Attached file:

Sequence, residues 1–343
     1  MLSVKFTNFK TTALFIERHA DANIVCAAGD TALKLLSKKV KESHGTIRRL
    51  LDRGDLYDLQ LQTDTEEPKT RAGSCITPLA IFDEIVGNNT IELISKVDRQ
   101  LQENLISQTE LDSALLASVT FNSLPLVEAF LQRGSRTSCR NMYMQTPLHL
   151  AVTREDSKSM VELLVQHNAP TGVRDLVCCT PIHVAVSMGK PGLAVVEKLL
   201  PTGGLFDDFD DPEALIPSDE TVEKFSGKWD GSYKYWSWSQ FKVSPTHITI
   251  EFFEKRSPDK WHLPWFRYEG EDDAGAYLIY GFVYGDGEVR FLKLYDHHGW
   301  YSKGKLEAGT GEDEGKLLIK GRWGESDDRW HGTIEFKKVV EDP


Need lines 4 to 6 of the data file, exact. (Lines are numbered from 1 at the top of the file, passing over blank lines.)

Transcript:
   101  LQENLISQTE LDSALLASVT FNSLPLVEAF LQRGSRTSCR NMYMQTPLHL
   151  AVTREDSKSM VELLVQHNAP TGVRDLVCCT PIHVAVSMGK PGLAVVEKLL
   201  PTGGLFDDFD DPEALIPSDE TVEKFSGKWD GSYKYWSWSQ FKVSPTHITI